We can unfold the layers of this: Matthew and Luke got it from Mark; John doesn't bother with it at all (as is typical of John v. the Synoptics. There is very little in common between them, in terms of familiar gospel stories. John doesn't even include a communion meal; his story focuses on Jesus washing the disciples' feet.) And in Mark it's over so fast that if you blink, you miss it:
And right away the spirit drives him out into the wilderness, where he remained for forty days, being put to the test by Satan. While he was living there among the wild animals, the heavenly messengers looked after him. (Mark 1:12-13, SV)Mathew and Luke add narrative to that bare telling; and dialogue. Tradition adds a lovely legend of the angels bringing Jesus soup from Mary's kitchen after the Devil leaves him. Still, in terms of the later doctrine of the Incarnation (the generally accepted doctrine of the Incarnation was not settled until the 5th century), this prompts certain controversies. Was Satan, for example, able to tempt God? Or was Satan tempting the human Jesus? And despite issues of hypostasis and homoousias v homoiousias (and the iota of difference between them), it's still a vital question, if you care to ask it. And we should ask it, because it leads to what is perhaps the central mystery of Christianity: is it possible to kill God? (A blunter way of putting the issue Moltmann affirmed: that God can be crucified.)
I ask because of this:
"Divinity belongs to the post-Easter Jesus, not the pre-Easter Jesus. To think of Jesus as divine actually diminishes him. If he was divine and had the power of God, then what he did wan’t all that remarkable. He could’ve done so much more. But the classic Christian affirmation about the pre-Easter Jesus is not that he was God, but that he was the decisive revelation of God. This is the cumulative meaning of the exalted language that Christians use for Jesus: in him, we see what can be seen of God in human life.”— Speaking Christian by Marcus BorgWhich prompted at least 150 responses on Facebook (now I know where everybody went!). I'm not sure, exactly, just how "classic" this affirmation of the pre-Easter Jesus is; Borg likes to play fast and loose with theology (as do many of the more popular Biblical scholars) in order to affirm his own preferences (I wouldn't quite call them theologies, to be honest); but the nature of Christ (Christology) is a hot topic these days, and what Borg wants to affirm is not that controversial in Christological circles. On the other hand, since the issue of the nature of the Christ wasn't really settled until the 5th century, it is fair to say there was more than one opinion on the subject for the first 5 centuries of the church. That's not the majority of Christian history; but it's not a handful of days, either.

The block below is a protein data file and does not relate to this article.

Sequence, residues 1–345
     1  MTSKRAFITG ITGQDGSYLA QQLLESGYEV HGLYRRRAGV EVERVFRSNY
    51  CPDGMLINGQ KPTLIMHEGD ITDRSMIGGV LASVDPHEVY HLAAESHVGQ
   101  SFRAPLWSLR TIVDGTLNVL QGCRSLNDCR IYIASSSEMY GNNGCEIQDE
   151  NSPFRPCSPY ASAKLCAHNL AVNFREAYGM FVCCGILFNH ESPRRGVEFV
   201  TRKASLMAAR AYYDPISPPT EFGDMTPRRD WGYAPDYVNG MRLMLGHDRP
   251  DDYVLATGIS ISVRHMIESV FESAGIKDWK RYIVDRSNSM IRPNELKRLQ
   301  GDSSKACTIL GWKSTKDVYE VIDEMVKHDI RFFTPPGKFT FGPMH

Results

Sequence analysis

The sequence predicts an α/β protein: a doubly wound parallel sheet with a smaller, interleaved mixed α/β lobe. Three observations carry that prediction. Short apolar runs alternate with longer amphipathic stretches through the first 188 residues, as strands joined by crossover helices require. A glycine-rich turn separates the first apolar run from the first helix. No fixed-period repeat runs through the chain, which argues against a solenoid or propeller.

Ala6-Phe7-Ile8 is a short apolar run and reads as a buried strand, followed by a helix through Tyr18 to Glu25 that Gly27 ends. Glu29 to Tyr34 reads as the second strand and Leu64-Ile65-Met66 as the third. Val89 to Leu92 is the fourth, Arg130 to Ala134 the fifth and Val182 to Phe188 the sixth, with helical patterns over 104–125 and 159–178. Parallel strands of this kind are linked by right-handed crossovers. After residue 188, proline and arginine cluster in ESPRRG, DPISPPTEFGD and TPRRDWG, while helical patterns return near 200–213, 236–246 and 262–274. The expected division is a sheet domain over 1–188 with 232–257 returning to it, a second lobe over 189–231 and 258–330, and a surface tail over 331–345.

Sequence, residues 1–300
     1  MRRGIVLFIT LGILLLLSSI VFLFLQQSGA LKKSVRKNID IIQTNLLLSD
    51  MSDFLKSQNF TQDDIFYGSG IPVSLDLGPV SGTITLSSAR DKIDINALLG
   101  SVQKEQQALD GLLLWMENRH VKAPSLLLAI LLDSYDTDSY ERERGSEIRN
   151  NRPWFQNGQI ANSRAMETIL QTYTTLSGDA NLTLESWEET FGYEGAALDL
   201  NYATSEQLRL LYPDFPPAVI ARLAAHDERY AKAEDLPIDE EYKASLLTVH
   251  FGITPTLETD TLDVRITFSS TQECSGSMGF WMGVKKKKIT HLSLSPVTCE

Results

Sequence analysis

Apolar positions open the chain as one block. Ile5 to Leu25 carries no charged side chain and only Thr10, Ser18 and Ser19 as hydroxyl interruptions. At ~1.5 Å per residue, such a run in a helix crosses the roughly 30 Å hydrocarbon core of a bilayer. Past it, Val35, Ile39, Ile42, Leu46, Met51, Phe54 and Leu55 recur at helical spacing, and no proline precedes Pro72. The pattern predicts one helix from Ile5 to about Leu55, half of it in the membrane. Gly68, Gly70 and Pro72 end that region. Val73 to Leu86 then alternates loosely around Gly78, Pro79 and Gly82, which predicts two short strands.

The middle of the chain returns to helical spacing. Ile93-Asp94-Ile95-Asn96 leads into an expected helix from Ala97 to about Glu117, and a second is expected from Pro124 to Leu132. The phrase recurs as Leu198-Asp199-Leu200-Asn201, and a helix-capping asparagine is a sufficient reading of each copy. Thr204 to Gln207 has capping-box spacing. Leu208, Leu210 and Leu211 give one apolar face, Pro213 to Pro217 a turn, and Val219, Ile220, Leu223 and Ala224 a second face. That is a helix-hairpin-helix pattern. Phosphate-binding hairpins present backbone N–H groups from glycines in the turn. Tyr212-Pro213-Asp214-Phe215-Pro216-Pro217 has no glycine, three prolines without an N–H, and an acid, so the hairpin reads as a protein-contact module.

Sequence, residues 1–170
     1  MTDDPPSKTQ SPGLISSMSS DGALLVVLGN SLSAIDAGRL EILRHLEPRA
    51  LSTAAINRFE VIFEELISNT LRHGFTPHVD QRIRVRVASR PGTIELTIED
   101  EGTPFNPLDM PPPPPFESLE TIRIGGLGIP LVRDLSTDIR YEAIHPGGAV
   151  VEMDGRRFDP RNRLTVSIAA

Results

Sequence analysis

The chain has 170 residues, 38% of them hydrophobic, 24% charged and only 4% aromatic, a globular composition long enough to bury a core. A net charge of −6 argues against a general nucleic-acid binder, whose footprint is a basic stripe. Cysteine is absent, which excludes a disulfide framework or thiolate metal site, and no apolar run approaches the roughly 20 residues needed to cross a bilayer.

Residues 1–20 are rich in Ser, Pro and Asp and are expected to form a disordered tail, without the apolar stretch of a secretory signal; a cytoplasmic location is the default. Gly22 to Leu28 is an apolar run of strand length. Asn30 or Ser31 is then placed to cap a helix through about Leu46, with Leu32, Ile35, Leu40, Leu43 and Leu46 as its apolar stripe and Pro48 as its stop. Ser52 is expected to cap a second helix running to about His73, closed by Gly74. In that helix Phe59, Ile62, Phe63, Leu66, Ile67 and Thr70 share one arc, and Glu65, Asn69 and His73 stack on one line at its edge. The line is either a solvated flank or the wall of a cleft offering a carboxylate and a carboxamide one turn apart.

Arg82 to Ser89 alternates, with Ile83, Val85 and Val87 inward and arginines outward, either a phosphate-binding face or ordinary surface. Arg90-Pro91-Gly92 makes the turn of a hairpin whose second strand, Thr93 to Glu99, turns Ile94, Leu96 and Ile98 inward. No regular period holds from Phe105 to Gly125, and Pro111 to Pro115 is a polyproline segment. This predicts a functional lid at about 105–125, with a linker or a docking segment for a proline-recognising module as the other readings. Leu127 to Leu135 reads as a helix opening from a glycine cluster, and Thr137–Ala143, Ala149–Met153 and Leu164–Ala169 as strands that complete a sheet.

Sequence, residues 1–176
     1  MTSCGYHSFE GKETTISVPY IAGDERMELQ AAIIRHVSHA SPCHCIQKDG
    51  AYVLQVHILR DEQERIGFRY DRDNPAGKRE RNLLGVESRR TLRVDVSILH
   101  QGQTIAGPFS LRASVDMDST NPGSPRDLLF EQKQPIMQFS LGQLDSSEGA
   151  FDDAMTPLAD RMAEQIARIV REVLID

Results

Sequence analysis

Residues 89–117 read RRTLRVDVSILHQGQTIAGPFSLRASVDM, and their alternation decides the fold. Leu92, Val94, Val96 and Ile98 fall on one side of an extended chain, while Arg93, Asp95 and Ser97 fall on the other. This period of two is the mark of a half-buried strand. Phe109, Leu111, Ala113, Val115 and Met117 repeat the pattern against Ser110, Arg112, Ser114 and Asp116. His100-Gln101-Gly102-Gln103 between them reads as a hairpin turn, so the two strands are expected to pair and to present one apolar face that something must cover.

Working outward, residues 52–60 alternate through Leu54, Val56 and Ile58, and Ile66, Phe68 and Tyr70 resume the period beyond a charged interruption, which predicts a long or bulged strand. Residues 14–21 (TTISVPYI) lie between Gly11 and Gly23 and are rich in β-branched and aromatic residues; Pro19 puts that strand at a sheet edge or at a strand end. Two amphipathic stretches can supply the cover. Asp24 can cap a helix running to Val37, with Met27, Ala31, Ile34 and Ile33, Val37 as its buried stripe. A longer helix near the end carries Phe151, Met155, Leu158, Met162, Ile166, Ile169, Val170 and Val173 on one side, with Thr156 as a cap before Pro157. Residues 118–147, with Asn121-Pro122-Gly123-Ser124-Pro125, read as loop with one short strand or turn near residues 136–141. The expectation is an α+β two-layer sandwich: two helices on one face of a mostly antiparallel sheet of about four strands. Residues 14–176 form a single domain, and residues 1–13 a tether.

If the classic affirmation about Jesus is that he was not God before the Resurrection, why have I not heard this before now? What do you think?
On the other other hand, who wants to hang out with a bunch of Christologists?
But to get back to the question: was Jesus God, or human, in the wilderness? Or did he swap the two natures back and forth as it pleased him or served his purposes? Or is it really possible to tempt God with earthly comforts? Was Jesus always fully divine, and fully human? The narratives of Matthew and Luke have led us to think so. But do they? Gabriel announces the pregnancy to Mary, an angel to Joseph; but what they announce is a miraculous birth, a virgin conception. They say the child will come from on high, that the holy spirit is responsible for the pregnancy, that the child will be the one to save Israel. They do not say the child will be fully human and fully God. And the canon rejected the Infancy Gospel of James, where the notion of Jesus the child as possessing the powers of God is explored, and Jesus' human side clearly exploits the powers of the God side; which raises even more interesting questions about homoousias and homoiousias.
Paul is the one responsible for the idea that Jesus became Christ after the resurrection, and because of Jesus' martyrdom essentially, his faithfulness unto death. But Paul didn't foresee generations of martyrs, so when Stephen was stoned to death and then the martyrs were persecuted by Rome in the Coliseum after Paul (Luke's story from Acts is written after Paul, too), a reason both for their deaths and for their non-resurrection had to be constructed, and eventually Paul's emphasis on the crucifixion was replaced with the emphasis on the nativity.
And still the questions of the Incarnation are present and important. Why haven't we heard about all this before? Perhaps because 150 Facebook comments indicate a strong reaction against Borg's assertions. Perhaps because we cannot recall ancient ideas in a modern context without stirring up responses we didn't count on. Perhaps because when everything old is new again, the new is not as attractive as we imagined it would be.
Or perhaps because it's good to think about these things.